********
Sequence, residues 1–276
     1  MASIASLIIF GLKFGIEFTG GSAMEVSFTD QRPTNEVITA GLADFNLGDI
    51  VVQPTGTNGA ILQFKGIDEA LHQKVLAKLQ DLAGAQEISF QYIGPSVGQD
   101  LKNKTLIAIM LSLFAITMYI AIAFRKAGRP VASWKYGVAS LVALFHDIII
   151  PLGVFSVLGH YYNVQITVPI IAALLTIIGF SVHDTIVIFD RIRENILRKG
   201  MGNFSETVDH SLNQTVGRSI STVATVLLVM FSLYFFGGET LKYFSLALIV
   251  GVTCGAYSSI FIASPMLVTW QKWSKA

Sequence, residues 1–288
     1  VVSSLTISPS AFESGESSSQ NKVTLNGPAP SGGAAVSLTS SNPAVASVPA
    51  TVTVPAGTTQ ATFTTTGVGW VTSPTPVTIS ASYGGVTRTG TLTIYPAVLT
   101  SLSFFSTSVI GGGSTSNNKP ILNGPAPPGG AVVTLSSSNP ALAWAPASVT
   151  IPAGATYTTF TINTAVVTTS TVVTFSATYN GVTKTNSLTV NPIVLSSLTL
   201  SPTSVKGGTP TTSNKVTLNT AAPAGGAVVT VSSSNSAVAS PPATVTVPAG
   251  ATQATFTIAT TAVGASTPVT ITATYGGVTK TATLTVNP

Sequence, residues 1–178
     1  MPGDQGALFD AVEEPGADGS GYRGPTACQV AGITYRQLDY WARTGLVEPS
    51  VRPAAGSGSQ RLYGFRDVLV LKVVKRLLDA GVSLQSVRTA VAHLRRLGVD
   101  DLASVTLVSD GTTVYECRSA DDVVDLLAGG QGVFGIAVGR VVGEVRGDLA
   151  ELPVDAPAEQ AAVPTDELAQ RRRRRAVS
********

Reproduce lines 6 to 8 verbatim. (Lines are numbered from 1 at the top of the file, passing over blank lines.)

   201  MGNFSETVDH SLNQTVGRSI STVATVLLVM FSLYFFGGET LKYFSLALIV
   251  GVTCGAYSSI FIASPMLVTW QKWSKA

Sequence, residues 1–288